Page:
Private investigators work full time or as consultants for private investigation and detective agencies. They may also work as independent contractors for law firms, financial institutions, insurance companies, corporations, government agencies, and police departments. There are 33,000 private investigators and detectives employed in the United States, and more than one-third work in the investigation and security services industries. Approximately 6 percent of private investigators are self-employed.
Some investigators get their start as interns in private investigation agencies. There is usually on-the-job training and they advance their knowledge and skills by taking educational programs through professional associations. Recent retirees from jobs in law enforcement or in the military often start a second career as private investigators.
Private investigators who work full-time in investigation agencies may advance to management-level roles, where they may spend less or no time in the field as they supervise the work of other investigators. Many start their own businesses and may advance by increasing their staff and expanding their investigative services by branching out into other specialties. Some enhance their careers by writing articles and books about the field and teaching.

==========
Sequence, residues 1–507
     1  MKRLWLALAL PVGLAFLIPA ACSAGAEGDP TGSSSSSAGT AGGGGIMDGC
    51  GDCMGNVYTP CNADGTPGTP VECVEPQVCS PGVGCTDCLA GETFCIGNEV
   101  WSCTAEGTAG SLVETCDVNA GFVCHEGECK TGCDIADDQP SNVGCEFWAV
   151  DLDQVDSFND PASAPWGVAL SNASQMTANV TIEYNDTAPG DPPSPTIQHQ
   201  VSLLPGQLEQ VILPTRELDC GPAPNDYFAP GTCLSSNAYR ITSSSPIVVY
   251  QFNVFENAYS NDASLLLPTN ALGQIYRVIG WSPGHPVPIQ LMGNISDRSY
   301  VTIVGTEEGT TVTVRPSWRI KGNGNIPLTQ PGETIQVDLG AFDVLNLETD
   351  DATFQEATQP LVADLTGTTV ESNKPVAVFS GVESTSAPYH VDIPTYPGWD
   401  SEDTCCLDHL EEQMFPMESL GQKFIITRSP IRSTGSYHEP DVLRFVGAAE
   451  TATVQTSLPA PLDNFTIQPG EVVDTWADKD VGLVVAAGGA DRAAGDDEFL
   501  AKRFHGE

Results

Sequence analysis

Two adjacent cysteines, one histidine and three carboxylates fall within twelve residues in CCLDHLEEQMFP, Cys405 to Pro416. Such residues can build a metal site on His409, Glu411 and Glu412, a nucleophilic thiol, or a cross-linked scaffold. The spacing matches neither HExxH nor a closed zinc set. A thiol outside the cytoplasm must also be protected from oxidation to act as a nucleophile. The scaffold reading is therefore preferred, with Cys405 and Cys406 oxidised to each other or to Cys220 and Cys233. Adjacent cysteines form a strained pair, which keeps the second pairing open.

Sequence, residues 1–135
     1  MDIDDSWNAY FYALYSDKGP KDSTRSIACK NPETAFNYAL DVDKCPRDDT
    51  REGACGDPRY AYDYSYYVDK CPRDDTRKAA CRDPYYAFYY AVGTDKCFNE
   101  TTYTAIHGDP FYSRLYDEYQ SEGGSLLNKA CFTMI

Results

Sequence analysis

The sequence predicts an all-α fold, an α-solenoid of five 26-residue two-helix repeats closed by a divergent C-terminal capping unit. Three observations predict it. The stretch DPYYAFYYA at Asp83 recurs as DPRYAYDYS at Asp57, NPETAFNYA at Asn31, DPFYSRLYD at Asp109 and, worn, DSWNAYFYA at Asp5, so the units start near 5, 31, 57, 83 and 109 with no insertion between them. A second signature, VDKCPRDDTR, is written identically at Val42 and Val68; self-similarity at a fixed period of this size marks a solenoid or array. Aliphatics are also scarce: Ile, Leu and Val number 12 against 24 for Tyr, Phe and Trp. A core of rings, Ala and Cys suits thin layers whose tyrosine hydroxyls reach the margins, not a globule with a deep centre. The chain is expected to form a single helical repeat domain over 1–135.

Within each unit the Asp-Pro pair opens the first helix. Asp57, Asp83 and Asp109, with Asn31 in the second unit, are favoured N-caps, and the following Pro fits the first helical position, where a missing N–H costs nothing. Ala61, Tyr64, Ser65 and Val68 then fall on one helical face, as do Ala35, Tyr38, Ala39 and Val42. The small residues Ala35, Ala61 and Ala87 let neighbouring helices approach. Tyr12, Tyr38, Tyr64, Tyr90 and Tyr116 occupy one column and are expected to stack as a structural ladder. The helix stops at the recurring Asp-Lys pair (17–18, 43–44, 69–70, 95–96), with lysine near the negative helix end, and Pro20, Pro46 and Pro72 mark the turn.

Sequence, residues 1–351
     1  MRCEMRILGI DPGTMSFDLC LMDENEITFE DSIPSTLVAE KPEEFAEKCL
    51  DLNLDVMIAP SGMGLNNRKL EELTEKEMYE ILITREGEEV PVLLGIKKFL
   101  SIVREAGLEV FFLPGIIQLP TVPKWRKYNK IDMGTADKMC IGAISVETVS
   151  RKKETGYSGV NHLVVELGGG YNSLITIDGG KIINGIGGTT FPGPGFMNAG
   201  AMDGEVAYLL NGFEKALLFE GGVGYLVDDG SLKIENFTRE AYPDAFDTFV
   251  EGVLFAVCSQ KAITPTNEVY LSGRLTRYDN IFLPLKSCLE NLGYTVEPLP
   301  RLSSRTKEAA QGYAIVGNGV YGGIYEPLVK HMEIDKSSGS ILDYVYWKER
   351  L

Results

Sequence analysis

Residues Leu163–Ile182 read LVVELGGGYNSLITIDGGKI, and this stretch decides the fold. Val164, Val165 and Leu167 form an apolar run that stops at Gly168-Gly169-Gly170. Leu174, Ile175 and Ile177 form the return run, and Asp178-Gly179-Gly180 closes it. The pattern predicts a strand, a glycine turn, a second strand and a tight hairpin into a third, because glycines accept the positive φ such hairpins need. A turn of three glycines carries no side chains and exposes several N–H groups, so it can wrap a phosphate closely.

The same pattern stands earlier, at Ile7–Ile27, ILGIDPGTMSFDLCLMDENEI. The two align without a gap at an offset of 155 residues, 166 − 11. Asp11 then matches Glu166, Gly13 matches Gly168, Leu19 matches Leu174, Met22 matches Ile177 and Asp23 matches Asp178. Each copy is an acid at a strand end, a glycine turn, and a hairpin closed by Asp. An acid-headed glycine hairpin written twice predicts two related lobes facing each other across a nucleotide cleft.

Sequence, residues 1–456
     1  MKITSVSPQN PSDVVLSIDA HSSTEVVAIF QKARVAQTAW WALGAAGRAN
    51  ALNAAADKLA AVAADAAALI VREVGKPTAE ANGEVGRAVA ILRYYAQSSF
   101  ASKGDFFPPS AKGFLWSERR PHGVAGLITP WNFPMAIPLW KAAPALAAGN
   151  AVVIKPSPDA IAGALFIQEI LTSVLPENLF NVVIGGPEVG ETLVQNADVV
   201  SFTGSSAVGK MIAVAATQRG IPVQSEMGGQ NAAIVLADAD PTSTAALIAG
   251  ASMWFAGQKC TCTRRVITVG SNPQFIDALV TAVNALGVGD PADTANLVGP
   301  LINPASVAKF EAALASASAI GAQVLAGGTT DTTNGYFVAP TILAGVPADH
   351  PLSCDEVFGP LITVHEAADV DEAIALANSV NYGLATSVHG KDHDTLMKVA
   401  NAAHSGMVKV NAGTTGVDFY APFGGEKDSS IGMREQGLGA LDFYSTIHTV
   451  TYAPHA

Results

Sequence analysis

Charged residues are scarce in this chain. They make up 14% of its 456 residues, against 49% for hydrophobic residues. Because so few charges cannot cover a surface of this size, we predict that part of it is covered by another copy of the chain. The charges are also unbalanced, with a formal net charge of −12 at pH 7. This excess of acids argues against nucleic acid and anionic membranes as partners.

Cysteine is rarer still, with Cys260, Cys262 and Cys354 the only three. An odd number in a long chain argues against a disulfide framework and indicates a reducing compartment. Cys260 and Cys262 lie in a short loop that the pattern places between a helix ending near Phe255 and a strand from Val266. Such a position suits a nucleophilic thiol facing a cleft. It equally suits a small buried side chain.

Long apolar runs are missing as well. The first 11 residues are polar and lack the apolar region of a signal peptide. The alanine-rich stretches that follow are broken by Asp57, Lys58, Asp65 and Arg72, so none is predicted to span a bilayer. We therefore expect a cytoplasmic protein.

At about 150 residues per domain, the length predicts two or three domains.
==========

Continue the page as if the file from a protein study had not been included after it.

Tips for Entry
Read Professional Investigator Magazine (https://www.pimagazine.com) to learn more about private investigator work and to find out information about licensing requirements.
Get an internship or part-time job in a private investigation agency to learn more about the job, the clients, and the types of cases that are investigated.
Take criminal justice, government, and police classes while in college; these provide a good background for private investigator work.
Visit the Web sites of professional associations such as ASIS International and the National Association of Legal Investigators to explore the private investigation field.